Any time anything security relevant happens, you could make a private Slack channel named for the incident. The most common incident will be “employee lost phone” or something, and the response will be “didn’t matter because phone was encrypted and access was revoked and logs were reviewed”.

    Access Reviews

    You could start holding a monthly meeting, recorded in a spreadsheet or whatever, reviewing everyone’s access to things (hopefully this is just a walk of your SSO config and IAM role permissions).

    This is all good stuff, and may be helpful while you’re getting audited (though again remember not to set a bar for yourself you don’t want to clear next year). But you don’t have to do all of these just to get a Type 1 Report.

    There are security things you can do that are great, but aren’t going to matter at all for SOC2. Do them when they make sense. Don’t do them because you think you have to in order to get SOC2’d.

    • An SSH CA: The cool kids use CAs instead of ad-hoc SSH keypairs to gate access to servers. This generates evidence, demonstrates control, and streamlines engineering. SSH CA’s are great. But almost every SOC2’d company doesn’t have one.

    • Customer-Facing Security Features: If it makes sense, MFA for all customers is a great feature, but it’s not something you’re likely to get dinged for by auditors.

    • Host Hardening: You should harden your hosts, set up auditd or EBPF perf events, and tune up a seccomp-bpf profile. But your auditor won’t even know what you’re talking about when you try to explain this stuff.

    • Flow Logs: AWS will give you fine-grained connection logs of all the traffic between your instances. They cost money. If you have an actual plan for what you’re going to do with those logs so that they’re actually helpful to you, enable them. But auditors don’t know what flows are.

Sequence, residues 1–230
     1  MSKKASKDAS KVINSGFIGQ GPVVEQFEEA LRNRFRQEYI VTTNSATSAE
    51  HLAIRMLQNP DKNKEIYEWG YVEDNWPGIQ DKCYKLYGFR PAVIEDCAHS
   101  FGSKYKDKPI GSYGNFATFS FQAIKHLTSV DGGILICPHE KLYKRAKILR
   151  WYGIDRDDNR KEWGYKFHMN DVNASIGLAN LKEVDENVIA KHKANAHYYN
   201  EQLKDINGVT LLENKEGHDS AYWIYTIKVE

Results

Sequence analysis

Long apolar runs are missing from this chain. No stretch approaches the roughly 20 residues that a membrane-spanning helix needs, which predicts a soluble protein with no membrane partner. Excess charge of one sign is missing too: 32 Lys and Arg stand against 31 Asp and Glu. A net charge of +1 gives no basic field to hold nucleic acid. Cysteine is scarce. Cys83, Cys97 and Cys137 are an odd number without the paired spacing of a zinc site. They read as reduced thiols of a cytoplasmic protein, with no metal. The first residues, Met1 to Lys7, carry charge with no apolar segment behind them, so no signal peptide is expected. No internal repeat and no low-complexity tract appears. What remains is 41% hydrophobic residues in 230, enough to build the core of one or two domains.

There are security engineering things that are bad, and, like capitalist and communist and lots of things they’ve heard about, your SOC2 auditor might bring up.

    Here it’s worth remembering the basic idea behind a SOC2: you are going to tell your auditors the security things you do. They are going to enact a sacred ritual written on vellum in blood on the windy heath where Coopers first met Lybrand, and then give you a questionnaire to fill out. When your auditor asks about these things, or puts them on your IRL, you are allowed to say “we don’t do that thing, and here is why”. You know more than they do about security engineering.

    Some of those things include:

    • IDS/IPS: Don’t install an IDS. You have logs and MDM and security groups and the evidence they generate will satisfy this concern. AWS GuardDuty pricing is ridiculous but, if worse comes to worst, it will emphatically satisfy this if someone complains. Your SOC2 auditor probably won’t, but some fussbudgety Fortune 500 compliance person will. Or, use the scrappy startup version: something like StreamAlert: much cheaper, a little less turnkey, and fussbudget reviewers can’t tell the two apart. Either way: not a priority for SOC2.

    • Firewalls: You’re in AWS; it’s built in and, in the common case, probably default-deny already.

    • Web Application Firewalls: Most SOC2’d firms don’t use them, and most WAFs don’t work at all.

    • Endpoint Protection and AV: You have MDM and macOS/Windows full complement of security features and a way to force them enabled, you’re covered. AV software is a nightmare; avoid it while you can.

    • Data Loss Prevention: You keep production data in your prod environment and document the cases where it leaves. You therefore have better DLP than Fortune 500 companies with expensive DLP tools. The DLP tools are awful; avoid them.

    • Threat Management Tools: Most of the people who tell you that threat feeds are important for SOC2 are selling threat feeds. Most of the rest are rationalizing a threat tool they purchased. Let that be their problem.

    • Risk Management Platforms: Risk management tools are essentially the SOC2 IRL made flesh. If you derive pleasure from filling out questionnaires, don’t let us yuck your yum. But you don’t need anything more formal than a spreadsheet and a git history to track the things that SOC2 auditors are going to ask about.

  • Stop Using Encrypted Email